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The American Lung Association highlights screening during Lung Cancer Awareness Month
ANCHORAGE (October 31, 2019) – Lung cancer is the leading cancer killer of men and women in the U.S., but there is hope against this deadly disease thanks to early detection screening that can save thousands.
According to the Lung Association, if the 8 million Americans eligible were screened, an estimated 25,000 lives would be saved. Less than five percent of those eligible are currently getting screened. Screening is comprised of a low-dose CT scan and is recommended for those who meet the following criteria:
•Are between the ages of 55-80 and currently smoke, or quit within the last 15 years, and smoked the equivalent of 30 “pack years” (1 pack a day for 30 years, 2 packs for 15 years, etc.)
“We know that an estimated 400 people in Alaska will be diagnosed with lung cancer in 2019,” said Ashley Peltier, health promotions director for the American Lung Association in Alaska. “Awareness about lung cancer and the availability of screening for high-risk populations is key to detecting lung cancer early, when more treatment options are available. Screening is more than just a tool – it’s a way to save the lives of people in our community.”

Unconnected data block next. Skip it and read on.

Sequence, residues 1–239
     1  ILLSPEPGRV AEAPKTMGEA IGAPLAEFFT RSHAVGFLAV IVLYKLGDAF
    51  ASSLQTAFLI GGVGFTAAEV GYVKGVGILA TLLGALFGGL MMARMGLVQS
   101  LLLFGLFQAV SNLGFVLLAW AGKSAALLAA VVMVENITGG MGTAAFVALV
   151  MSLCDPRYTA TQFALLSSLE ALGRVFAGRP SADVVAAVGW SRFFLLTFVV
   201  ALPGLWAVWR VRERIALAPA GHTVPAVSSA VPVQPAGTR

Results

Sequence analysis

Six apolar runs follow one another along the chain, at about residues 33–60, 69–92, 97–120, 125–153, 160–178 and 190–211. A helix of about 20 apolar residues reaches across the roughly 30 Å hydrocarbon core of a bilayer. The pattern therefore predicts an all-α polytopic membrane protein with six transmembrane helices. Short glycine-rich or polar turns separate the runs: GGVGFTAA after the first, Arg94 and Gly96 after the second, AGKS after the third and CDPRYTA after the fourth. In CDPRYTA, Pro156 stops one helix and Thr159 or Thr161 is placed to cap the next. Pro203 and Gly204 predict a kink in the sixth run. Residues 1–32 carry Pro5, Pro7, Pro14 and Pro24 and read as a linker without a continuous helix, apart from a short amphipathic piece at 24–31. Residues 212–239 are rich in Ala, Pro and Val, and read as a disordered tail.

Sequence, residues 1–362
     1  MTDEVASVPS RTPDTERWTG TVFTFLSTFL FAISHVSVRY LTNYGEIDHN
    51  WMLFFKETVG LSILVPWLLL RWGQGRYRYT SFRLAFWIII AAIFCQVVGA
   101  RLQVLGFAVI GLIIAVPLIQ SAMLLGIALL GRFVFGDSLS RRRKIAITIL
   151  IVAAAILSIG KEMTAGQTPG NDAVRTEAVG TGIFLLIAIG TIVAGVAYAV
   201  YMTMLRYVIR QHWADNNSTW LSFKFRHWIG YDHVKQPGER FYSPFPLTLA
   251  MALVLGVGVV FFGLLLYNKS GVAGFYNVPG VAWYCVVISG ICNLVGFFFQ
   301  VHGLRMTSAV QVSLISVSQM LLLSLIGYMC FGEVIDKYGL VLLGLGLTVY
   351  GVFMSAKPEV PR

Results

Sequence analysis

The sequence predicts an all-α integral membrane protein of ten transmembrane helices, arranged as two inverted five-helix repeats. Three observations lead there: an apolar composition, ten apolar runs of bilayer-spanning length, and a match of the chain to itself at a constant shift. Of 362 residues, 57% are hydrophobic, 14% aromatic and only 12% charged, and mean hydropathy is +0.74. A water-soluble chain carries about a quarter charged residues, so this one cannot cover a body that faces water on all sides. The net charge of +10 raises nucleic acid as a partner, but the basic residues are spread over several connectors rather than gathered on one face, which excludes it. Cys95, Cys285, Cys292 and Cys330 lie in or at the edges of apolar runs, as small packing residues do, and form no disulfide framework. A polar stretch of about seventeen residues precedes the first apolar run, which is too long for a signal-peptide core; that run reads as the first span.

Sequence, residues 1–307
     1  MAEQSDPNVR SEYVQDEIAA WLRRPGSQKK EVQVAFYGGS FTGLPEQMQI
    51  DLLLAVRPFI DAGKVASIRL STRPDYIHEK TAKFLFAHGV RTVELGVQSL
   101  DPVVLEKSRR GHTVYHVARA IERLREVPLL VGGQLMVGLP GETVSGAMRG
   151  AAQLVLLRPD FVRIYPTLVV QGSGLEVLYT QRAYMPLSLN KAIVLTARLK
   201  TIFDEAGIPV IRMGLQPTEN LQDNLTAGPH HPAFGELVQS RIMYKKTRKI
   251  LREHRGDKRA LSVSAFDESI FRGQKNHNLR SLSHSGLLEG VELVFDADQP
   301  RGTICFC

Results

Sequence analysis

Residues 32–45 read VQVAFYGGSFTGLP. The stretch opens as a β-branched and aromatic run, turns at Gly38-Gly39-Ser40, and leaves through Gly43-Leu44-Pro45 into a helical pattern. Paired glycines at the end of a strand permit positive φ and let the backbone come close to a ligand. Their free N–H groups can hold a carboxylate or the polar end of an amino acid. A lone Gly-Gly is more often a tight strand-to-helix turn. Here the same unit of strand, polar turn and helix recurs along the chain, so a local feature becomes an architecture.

Even with the promise of screening, the Lung Association also continues to push for better treatment options and new methods of early detection for the disease, noting that screening is currently recommended only for select current and former smokers, yet there are a variety of risk factors associated with lung cancer, including exposure to radon gas, secondhand smoke and air pollution as well as genetic factors and sometimes the causes of lung cancer are unknown.
“Screening saves lives, but too many people are diagnosed with lung cancer by chance, and too late,” said Peltier. “We need better methods of early detection so we can catch the disease in the early stages when the survival rate is higher. Research funding is critical to make this a reality for those at risk for lung cancer.”